These traits, alongside dependable transportation, brought growth. In 1883 the Haight Street Cable Railroad was completed and connected with the Market Street line. This became the gateway to Golden Gate Park and to an amusement park known as the Chutes on Haight Street (between Cole and Clayton Streets) from 1893 to 1903. The California League Baseball stadium opened in 1887 and the area became a popular recreational hub for San Francisco.
The influx of people brought commercial development consisting first of taverns, restaurants, hotels, and livery stable; then real estate developers, builders, and speculators purchased and subdivided land for construction of large single-family homes aimed at the middle class. The 1900 census reveals the Haight was a middle-class neighborhood consisting of married couples with children. The March 8, 1896 edition of the San Francisco Examiner reported:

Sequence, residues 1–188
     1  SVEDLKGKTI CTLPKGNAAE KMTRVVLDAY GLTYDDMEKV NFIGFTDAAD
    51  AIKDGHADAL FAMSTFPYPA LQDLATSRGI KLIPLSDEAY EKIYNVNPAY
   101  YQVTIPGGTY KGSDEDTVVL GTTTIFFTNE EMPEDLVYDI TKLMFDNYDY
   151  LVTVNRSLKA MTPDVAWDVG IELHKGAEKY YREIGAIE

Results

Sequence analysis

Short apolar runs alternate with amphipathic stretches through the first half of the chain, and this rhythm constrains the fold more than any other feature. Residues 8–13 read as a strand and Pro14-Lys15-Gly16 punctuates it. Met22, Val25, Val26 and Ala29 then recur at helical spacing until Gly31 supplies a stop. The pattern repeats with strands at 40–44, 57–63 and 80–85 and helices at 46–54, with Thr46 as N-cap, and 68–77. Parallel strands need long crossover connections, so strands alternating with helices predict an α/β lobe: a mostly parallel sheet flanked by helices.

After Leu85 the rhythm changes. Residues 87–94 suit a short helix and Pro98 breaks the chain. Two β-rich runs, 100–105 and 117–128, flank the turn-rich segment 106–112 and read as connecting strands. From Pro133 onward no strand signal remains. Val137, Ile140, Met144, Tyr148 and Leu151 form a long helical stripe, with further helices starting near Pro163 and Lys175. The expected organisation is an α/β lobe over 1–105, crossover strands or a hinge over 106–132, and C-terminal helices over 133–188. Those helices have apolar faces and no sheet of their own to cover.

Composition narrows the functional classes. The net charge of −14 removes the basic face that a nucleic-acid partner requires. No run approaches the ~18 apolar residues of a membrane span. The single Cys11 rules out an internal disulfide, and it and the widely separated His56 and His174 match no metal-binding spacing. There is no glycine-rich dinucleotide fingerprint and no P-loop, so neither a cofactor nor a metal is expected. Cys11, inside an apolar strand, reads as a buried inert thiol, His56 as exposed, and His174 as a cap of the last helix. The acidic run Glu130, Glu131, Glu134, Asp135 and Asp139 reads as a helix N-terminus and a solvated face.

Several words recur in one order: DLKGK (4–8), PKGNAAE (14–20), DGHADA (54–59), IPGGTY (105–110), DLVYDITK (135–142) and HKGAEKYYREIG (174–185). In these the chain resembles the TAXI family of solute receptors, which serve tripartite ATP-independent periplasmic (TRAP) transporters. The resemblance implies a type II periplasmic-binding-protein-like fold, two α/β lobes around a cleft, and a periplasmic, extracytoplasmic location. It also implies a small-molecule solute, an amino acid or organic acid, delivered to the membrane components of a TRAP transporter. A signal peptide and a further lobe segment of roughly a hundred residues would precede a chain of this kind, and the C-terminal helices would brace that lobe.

The whole country about the heights is now thickly covered with homes of conspicuous size, and many of them of costly design. Masonic Avenue is lined with a large number of Eastlake dwellings, where barren sands were a few months ago. Waller Street has been brightened up very recently with several pretty structures. There are more of them on Cole Street and on Frederick Street. Electric lighting appliances and modern styles could be yours for the price of $6,500 to $8,500 each.
In contrast, cottages on Potrero Hill were selling between $1,500 and $3,000 at the time.